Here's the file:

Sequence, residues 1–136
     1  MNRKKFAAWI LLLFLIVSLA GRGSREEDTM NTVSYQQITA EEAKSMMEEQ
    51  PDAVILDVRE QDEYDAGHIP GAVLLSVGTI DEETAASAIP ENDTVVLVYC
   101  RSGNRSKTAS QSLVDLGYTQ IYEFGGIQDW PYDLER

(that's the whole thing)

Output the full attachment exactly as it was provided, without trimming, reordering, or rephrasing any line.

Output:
Sequence, residues 1–136
     1  MNRKKFAAWI LLLFLIVSLA GRGSREEDTM NTVSYQQITA EEAKSMMEEQ
    51  PDAVILDVRE QDEYDAGHIP GAVLLSVGTI DEETAASAIP ENDTVVLVYC
   101  RSGNRSKTAS QSLVDLGYTQ IYEFGGIQDW PYDLER